A 2021 North Carolina law requires Duke to cease methane gas operations by 2050 in order to reach carbon neutrality. As such, the utility plans to use the converted Roxboro methane gas plant as a hydrogen plant after 2050, which would cost even more. Duke Energy admits that hydrogen energy is quite speculative and would require technological breakthroughs to burn and transport hydrogen. The technology may never become cost-effective, clean or commercially viable. Given this uncertainty, residential customers may pay a high cost for this proposed conversion that may then never be fully utilized.

The costs of this conversion are especially unnecessary considering how affordable renewable energy sources have become. One study shows that clean, renewable energy sources are cheaper than 99% of proposed gas plants when taking full advantage of the tax credits in the Inflation Reduction Act, and cheaper than 94% even if only claiming a 30% credit. Another report found that Duke could save hundreds of millions of dollars by 2030 if it focused more on solar and battery storage.

Duke stands to gain from its proposed methane gas projects, as it receives higher financial returns on those than solar and battery systems, since it is the sole builder and owner of gas power plants. Meanwhile, Duke must allow third-party developers to build at least 45% of solar infrastructure in North Carolina and then buy the electricity generated from them.

False promises of reliability

Duke Energy claims that new gas plants are necessary to meet rare spikes in demand while balancing affordability and reliability. But the failure of methane gas plants during Winter Storm Elliot in December 2022 caused Duke to institute rolling blackouts for the first time in North Carolina history, leaving over 500,000 customers without power during freezing temperatures.

The first malfunctions in Duke’s network occurred at primarily gas-powered plants. Across the Eastern U.S., methane gas plant failures accounted for 63% of lost power during Winter Storm Elliot, while solar and wind were responsible for only 1% and 4%, respectively. This is not an anomaly — during five recent extreme winter weather events across the past 12 years, gas plants accounted for the majority of failed capacity. Additional solar, battery storage and wind production could have reduced the amount and duration of rolling blackouts.

Reliability claims about methane gas do not match real-world performance. Dependence on gas increases the risk of grid failures when power is needed most, while solar and wind perform well in adverse winter conditions.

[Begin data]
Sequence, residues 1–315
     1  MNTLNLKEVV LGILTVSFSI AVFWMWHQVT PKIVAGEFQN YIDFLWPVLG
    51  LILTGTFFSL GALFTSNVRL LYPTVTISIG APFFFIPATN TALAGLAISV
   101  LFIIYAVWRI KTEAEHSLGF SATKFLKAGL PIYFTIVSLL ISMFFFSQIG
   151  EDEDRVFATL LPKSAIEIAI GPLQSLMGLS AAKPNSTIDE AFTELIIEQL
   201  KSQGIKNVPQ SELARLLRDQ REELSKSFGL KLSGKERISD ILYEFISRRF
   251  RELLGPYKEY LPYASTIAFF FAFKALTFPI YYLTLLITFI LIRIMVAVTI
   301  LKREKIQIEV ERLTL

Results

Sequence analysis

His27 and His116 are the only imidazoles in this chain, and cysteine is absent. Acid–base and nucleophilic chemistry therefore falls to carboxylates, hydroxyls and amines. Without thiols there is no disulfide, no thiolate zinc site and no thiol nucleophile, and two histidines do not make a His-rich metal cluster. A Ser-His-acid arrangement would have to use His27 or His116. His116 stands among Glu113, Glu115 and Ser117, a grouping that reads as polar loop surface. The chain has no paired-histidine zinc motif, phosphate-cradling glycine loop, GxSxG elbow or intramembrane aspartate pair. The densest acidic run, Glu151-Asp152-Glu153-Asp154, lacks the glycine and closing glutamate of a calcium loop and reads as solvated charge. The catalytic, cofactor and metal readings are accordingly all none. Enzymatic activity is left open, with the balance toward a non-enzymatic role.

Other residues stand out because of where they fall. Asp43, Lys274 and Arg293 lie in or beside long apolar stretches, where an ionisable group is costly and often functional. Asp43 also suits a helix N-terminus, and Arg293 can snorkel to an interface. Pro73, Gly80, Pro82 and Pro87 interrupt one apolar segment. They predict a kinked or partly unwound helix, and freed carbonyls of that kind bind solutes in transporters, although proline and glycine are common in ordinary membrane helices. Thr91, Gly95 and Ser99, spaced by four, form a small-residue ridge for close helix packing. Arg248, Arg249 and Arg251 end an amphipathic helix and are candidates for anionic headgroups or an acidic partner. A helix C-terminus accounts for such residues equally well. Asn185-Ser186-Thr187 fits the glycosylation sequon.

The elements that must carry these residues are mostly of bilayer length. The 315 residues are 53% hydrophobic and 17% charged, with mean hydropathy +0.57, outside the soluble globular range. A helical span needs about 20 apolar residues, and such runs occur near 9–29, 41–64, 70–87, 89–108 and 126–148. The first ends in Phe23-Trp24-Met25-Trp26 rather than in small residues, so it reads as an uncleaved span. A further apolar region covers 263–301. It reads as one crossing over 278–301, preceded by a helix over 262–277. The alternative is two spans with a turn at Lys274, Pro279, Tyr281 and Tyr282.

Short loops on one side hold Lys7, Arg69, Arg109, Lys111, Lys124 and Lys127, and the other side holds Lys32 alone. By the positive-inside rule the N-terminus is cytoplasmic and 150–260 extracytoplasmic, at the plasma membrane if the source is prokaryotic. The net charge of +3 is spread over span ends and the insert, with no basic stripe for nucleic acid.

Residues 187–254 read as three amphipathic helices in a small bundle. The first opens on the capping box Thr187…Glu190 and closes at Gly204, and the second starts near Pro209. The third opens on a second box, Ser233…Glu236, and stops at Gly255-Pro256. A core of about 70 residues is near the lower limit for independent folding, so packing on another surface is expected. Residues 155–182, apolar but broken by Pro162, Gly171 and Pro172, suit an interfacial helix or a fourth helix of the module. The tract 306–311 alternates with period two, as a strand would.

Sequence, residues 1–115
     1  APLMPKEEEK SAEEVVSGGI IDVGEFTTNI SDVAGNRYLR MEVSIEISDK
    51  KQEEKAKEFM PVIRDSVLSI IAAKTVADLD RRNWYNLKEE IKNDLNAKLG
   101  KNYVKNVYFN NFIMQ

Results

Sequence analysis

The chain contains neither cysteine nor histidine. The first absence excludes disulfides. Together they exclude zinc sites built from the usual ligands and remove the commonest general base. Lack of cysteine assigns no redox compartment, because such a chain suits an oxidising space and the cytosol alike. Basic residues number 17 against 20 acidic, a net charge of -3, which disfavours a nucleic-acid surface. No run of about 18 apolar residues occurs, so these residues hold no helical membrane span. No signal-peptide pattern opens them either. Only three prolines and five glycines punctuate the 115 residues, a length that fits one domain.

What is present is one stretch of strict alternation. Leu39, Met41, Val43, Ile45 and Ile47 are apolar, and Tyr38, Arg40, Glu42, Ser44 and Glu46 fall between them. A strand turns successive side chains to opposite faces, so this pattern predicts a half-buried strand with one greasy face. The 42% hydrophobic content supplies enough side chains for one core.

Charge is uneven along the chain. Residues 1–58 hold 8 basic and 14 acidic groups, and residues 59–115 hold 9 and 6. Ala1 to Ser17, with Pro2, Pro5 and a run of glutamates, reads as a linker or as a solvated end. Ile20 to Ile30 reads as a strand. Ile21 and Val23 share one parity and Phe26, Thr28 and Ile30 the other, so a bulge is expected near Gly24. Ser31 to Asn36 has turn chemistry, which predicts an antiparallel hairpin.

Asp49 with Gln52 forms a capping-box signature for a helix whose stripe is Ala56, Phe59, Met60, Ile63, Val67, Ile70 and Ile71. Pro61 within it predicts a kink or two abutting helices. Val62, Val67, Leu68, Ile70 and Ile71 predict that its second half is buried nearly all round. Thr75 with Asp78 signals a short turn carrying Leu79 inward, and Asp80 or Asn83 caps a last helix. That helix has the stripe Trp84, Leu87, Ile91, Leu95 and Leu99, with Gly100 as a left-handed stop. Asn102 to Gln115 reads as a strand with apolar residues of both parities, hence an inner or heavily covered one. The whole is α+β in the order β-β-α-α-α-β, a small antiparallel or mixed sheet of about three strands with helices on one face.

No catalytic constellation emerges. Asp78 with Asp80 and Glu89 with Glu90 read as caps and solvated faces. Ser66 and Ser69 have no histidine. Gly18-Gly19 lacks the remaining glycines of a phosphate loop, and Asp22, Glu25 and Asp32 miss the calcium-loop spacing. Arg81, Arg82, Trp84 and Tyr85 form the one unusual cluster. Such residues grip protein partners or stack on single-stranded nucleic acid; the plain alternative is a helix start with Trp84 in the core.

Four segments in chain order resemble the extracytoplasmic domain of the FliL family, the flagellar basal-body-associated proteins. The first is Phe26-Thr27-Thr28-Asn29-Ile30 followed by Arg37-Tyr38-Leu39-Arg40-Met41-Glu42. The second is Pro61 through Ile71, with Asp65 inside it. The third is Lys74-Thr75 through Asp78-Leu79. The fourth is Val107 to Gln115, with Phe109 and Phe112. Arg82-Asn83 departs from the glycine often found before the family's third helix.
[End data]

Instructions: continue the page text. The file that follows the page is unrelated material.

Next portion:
Additionally, research indicates that power outages disproportionately harm communities of color, people with disabilities and low-income households. Increasing our reliance on gas by expanding infrastructure would further endanger these communities, leaving them more susceptible to power disruptions during severe weather events.

Harm to public health

Generating electricity from methane gas produces pollutants called nitrogen oxides. Exposure to high concentrations of NOx can cause asthma, respiratory infections and heart damage. Additionally, NOx reacts with other airborne chemicals to form particulate matter and ozone. Ozone exposure can cause various respiratory complications, while particulate matter affects the lungs and the heart, potentially leading to heart attacks, impaired lung function and premature death.

Additionally, methane gas plants require pipelines to transport the gas, which introduce various public health hazards, including the contamination of local drinking water, air pollution, degradation of soil quality resulting in reduced crop yields, and the threat of pipeline explosions and fires. Additionally, hydraulic fracturing, or fracking, is used to extract methane gas. This process also causes air pollution and water contamination, leading to negative health effects. Counties across the U.S. with higher concentrations of socially vulnerable communities (such as Native communities, people of color, rural communities and people with low incomes) have significantly higher pipeline densities than counties with fewer socially vulnerable residents.

Say not to gas expansion

We all deserve to live in a safe and healthy natural environment. The various proposed methane gas projects in Person County and nearby areas pose a threat to these communities’ welfare. North Carolinians should reject Duke, Dominion Energy and Williams Companies’ proposals and demand a shift to renewable energy over methane gas.

Stay tuned for more updates on the proposed methane gas expansion in North Carolina and how you can make your voice heard.

About Juhi Modi

Born and raised in the Raleigh-Durham area of North Carolina, Juhi (they/them) is passionate about advancing intersectional environmental and social justice within communities.


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One COMMENT
  1. D says:

    Thanks, can yall bring some of this info to the NC Carbon Plan meeting in Buncombe County on Tuesday 4/9?